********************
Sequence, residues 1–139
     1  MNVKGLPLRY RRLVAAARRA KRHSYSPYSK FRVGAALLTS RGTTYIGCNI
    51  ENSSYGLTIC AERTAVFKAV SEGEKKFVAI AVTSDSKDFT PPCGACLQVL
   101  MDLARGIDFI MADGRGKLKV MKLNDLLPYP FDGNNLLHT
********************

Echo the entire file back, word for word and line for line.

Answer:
Sequence, residues 1–139
     1  MNVKGLPLRY RRLVAAARRA KRHSYSPYSK FRVGAALLTS RGTTYIGCNI
    51  ENSSYGLTIC AERTAVFKAV SEGEKKFVAI AVTSDSKDFT PPCGACLQVL
   101  MDLARGIDFI MADGRGKLKV MKLNDLLPYP FDGNNLLHT